That's what's happening right now. Longer-term, other than a temporary bounce here and there, the dollar is still toast. That's because the U.S. government is now nearly $9 trillion in debt … because the U.S. economy is so weak … and because our trade deficit with the world continues to break record after record.

Plus, our Federal Reserve is caught between a rock and a hard place. They can't raise rates for fear of causing the U.S. economy to completely collapse. And they can't push rates down, either — out of fear of causing a total collapse in the U.S. dollar.

Bottom line: The U.S. dollar is in for a long-term decline that could see its value fall much more against nearly all other currencies. The only questions that remain are how much and how fast?

I can't answer those two questions. But I can say that the dollar's poor outlook is one more reason to stay away from most U.S. stocks. And to instead opt for foreign markets and natural resources, both of which will act as a hedge against a weakening dollar.

Second, our central bank continues to print money and credit like there's no tomorrow. That threatens to send the value and purchasing power of the U.S. dollar even lower . It also virtually guarantees that inflation in the U.S. will continue to rise.

I've told you in recent issues how some measures of consumer price inflation in the U.S. already suggest that overall price levels are rising at 7% or 8%. And don't be surprised if you see inflation running at more like 11% or 12% by next year.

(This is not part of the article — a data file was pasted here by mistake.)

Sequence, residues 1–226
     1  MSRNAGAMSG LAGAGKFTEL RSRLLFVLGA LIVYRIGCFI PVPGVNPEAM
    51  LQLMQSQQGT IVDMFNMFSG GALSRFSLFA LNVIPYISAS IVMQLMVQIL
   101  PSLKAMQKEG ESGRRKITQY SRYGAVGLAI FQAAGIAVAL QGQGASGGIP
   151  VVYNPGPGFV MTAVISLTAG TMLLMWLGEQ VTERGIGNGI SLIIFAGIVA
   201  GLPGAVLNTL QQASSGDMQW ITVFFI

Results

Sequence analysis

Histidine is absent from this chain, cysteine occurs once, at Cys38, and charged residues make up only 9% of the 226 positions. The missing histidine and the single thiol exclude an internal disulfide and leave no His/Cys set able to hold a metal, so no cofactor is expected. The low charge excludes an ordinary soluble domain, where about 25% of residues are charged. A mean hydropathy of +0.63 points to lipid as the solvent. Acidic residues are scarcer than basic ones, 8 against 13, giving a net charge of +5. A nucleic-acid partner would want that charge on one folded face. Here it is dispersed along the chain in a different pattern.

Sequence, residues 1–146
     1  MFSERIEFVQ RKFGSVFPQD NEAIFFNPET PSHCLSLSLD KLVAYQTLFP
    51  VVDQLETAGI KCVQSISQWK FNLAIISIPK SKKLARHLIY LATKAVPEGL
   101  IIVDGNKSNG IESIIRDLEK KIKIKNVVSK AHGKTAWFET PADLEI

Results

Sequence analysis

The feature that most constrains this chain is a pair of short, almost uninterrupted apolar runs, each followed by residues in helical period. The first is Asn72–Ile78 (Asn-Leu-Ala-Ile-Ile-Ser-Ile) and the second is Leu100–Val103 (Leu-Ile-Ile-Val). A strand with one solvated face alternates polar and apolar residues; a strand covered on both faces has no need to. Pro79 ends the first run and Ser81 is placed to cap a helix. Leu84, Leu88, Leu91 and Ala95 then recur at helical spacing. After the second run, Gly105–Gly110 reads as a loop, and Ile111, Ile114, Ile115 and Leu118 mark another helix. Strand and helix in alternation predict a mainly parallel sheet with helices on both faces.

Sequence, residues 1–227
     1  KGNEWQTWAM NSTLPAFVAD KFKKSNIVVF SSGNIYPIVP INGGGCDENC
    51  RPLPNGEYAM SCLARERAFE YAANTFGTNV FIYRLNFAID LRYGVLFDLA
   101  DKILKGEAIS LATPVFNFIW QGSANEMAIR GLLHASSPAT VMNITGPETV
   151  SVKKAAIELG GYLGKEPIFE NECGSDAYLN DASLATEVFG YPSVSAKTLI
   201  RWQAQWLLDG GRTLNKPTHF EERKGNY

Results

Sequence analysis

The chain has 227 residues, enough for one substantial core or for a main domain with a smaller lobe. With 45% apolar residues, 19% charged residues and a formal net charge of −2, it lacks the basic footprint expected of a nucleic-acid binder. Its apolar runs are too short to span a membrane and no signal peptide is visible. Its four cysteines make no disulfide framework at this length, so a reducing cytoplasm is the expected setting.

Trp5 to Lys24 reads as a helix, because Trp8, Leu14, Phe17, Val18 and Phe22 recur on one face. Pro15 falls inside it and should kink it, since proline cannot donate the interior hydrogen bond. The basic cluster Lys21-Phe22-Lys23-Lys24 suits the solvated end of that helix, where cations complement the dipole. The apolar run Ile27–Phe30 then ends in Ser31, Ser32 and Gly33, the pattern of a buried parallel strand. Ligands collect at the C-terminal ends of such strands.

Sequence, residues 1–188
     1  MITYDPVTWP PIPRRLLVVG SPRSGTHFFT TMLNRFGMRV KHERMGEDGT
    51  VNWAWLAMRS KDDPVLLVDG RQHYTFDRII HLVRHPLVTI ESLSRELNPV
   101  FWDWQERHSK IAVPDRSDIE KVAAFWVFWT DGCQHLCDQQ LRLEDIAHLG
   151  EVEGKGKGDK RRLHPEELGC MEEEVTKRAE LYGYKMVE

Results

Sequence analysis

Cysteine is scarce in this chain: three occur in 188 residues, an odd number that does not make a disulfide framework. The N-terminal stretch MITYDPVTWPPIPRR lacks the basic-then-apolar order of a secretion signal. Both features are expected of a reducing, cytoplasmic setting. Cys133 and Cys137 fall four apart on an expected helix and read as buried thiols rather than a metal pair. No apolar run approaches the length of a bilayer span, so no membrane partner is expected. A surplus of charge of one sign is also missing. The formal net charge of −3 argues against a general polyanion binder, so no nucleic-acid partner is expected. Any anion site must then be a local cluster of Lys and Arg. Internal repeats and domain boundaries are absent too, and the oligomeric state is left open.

I think you get the picture about why the U.S. is a risky bet right now. But just to bring home my point about how much better Asian stocks are doing, I want to leave you with a table. It shows the performance of 13 Asian stocks I mentioned here in Money & Markets in June 2006 …

Company Symbol Total Return
(6/15/06 - 7/17/07)
Sinopec Shanghai SHI 43.72%
CNOOC, Ltd. CEO 61.50%
Petrochina PTR 57.78%
Santos Ltd. STOSY 42.73%
China Pet. & Chem. SNP 110.95%
Alumina Ltd. AWC 55.45%
Aluminum Corp. ACH 170.01%
Posco PKX 144.58%
Amcor Ltd. AMCR 23.37%*
Kubota Corp. KUB -2.35%
Korea Electric Power KEP 34.29%
Huaneng Power Intl. HNP 84.32%
Mitsui & Co. MITSY 73.39%

* — as of June 13, 2007, last available data date

As you can see, many of these stocks have been doing quite well. And if what I'm seeing here in Asia is any indicator, there are plenty more gains ahead for these foreign shares.

Best wishes,

By Larry Edelson

This investment news is brought to you by Money and Markets . Money and Markets is a free daily investment newsletter from Martin D. Weiss and Weiss Research analysts offering the latest investing news and financial insights for the stock market, including tips and advice on investing in gold, energy and oil. Dr. Weiss is a leader in the fields of investing, interest rates, financial safety and economic forecasting. To view archives or subscribe, visit http://www.moneyandmarkets.com .